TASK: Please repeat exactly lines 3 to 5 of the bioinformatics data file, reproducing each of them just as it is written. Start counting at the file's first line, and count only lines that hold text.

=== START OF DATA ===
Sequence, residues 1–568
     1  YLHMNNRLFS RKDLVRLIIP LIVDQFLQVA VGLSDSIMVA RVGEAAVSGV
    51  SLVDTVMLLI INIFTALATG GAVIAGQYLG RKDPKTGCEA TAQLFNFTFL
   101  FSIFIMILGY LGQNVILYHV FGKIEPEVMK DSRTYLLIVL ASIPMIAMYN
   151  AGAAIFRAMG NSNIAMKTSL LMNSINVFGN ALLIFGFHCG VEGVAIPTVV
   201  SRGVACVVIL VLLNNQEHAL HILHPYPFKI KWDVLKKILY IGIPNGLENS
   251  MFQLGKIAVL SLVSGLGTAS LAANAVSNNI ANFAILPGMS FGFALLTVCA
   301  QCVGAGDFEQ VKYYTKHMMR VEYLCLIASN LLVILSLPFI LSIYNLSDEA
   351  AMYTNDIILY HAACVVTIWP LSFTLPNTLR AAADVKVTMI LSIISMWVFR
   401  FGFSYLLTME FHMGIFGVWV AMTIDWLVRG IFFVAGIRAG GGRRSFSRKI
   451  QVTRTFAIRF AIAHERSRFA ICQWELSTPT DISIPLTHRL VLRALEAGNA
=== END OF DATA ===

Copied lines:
    51  SLVDTVMLLI INIFTALATG GAVIAGQYLG RKDPKTGCEA TAQLFNFTFL
   101  FSIFIMILGY LGQNVILYHV FGKIEPEVMK DSRTYLLIVL ASIPMIAMYN
   151  AGAAIFRAMG NSNIAMKTSL LMNSINVFGN ALLIFGFHCG VEGVAIPTVV